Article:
But if this plan works, the proponents argue, Kenya and Uganda will mutually benefit, with Uganda profiting from Kenya’s networks to attract visitors. Kenya in the meanwhile will have its tourists visit Ugandan sites at a discounted price, which stakeholders say could break monotony for repeat clients who have explored Kenya.
Horticulture exporters urged to scale up production (Graphic Online)
Horticulture exporters have been challenged to take advantage of the looming shortage of fruits and vegetables in Europe as a result of the raging Russia-Ukraine war to maximise their gains. The Country Manager of the multi-national airport handling company, Swissport, Chris Goodsir, who made the call, explained that the war was creating an energy shortage in Europe resulting in greenhouses used for growing fruit and vegetables reducing their hours of operation. “This has resulted in a shortage of fruit and vegetables in Europe and this means that exporters of these crops in West Africa have an opportunity to sell higher volumes of exports to Europe but at higher prices, too,” he said.
Nigeria plans 3318km of rail as stakeholders seek connectivity across Africa (The Guardian Nigeria)
Federal Government, in Abuja, yesterday, said about 3,318 kilometers of rail lines are being considered across the country. This came as stakeholders insisted that unless Africa is linked by railway network, projected boost in intra-African trade, as envisaged under the African Continental Free Trade Area (AfCTA), would remained a mirage. Speaking at an International Railway Conference, organised by the Abuja Chamber of Commerce and Industry (ACCI), the stakeholders, noted that the continent must prioritise railway, if it must address growing poverty, unemployment and weak economic outlook.
Minister for Transportation, Mu’azu Sambo, said the Federal Government has conducted feasibility studies on selected route alignments it considered viable for development.
Djibouti Economy Slows Due to Global Crises, Severe Drought (World Bank)
After rebounding in 2021, Djibouti’s economy has slowed since the beginning of 2022 due to the war in Ukraine, global inflation, severe drought, and subdued Ethiopian demand. Yet growth is expected to recover to 5.3% in 2023 and 6.2% in 2024, and opening up the digital sector for competition could lead to an additional 1% increase in national GDP by 2025, according to the latest edition of the World Bank’s Djibouti Economic Monitor. The twice-yearly report analyzes development trends and constraints in Djibouti. The autumn 2022 report, titled “Towards Sustainable Growth: Improving Fiscal Stability and Competitiveness of the Digital Sector,” estimates real GDP growth at 3.6% for the whole of 2022, down from 4.3% in 2021.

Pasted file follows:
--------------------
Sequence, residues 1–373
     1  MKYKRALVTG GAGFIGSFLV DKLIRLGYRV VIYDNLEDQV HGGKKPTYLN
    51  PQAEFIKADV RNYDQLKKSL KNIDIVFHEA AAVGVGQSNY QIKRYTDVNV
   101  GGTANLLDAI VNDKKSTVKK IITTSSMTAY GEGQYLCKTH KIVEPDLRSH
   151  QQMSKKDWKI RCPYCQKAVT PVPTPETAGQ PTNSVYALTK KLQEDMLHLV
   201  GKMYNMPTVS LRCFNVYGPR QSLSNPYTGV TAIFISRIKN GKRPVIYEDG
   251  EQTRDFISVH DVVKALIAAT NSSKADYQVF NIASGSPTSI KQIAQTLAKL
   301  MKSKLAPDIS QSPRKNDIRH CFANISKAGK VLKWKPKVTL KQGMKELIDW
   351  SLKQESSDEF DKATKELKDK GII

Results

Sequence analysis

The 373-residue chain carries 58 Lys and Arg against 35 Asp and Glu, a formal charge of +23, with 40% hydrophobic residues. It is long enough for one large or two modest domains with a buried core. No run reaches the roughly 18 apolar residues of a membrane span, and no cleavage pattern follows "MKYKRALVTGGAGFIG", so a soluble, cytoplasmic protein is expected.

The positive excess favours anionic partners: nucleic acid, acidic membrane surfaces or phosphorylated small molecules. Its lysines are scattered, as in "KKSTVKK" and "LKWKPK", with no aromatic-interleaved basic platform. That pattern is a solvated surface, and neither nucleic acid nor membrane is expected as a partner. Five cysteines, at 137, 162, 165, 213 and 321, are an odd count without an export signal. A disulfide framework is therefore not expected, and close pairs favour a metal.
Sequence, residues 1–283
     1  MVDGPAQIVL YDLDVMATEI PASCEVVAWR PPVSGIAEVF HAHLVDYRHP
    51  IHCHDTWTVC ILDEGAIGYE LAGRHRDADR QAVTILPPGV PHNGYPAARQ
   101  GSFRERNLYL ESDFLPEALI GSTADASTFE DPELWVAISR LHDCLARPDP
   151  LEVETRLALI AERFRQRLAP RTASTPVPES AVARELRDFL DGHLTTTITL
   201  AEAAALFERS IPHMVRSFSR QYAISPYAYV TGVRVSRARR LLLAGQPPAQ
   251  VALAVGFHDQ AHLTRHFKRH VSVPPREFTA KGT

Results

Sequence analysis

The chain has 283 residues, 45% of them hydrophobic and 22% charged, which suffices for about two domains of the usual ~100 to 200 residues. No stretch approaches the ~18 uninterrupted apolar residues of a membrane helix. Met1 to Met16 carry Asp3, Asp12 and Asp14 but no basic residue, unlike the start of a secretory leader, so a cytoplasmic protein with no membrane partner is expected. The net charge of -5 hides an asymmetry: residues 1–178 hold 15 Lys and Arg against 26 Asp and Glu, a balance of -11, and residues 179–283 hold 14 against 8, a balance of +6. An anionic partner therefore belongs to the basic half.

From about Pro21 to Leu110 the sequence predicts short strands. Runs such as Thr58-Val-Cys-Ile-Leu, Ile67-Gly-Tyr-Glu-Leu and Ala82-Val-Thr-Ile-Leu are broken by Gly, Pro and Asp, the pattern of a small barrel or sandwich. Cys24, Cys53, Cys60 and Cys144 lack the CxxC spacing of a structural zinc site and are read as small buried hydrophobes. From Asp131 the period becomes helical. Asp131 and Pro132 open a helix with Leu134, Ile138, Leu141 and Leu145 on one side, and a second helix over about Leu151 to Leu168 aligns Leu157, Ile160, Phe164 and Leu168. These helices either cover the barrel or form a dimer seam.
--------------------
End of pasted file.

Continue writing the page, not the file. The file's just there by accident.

But in the current year, soaring global oil and food prices have pushed up inflation. “Urgent action is needed for the Djibouti economy to recover over the coming two years. This includes expediting structural reforms, fiscal consolidation, and implementing the private and public investment programs,” said Boubacar-Sid Barry, World Bank Resident Representative in Djibouti.
African trade and integration
AfCFTA-anchored pharmaceutical initiative marks progress in harmonizing regulatory environment for medicines (UNECA)
The United Nations Economic Commission for Africa (ECA) holds a 3-day Validation and Closure of Phase II of the AfCFTA-anchored Pharmaceutical Initiative & Discussion of the Action Plan for Phase III meeting in Nairobi, Kenya from 19 to 21 October 2022. The event brought together senior government officials from Comoros, Djibouti, Kenya, Ethiopia, Madagascar, Rwanda, Seychelles, and Sudan as well as representatives of UNECA, UNICEF, AUC, AUDA-NEPAD, Africa CDC, EAC, USP and pharmaceutical specialists.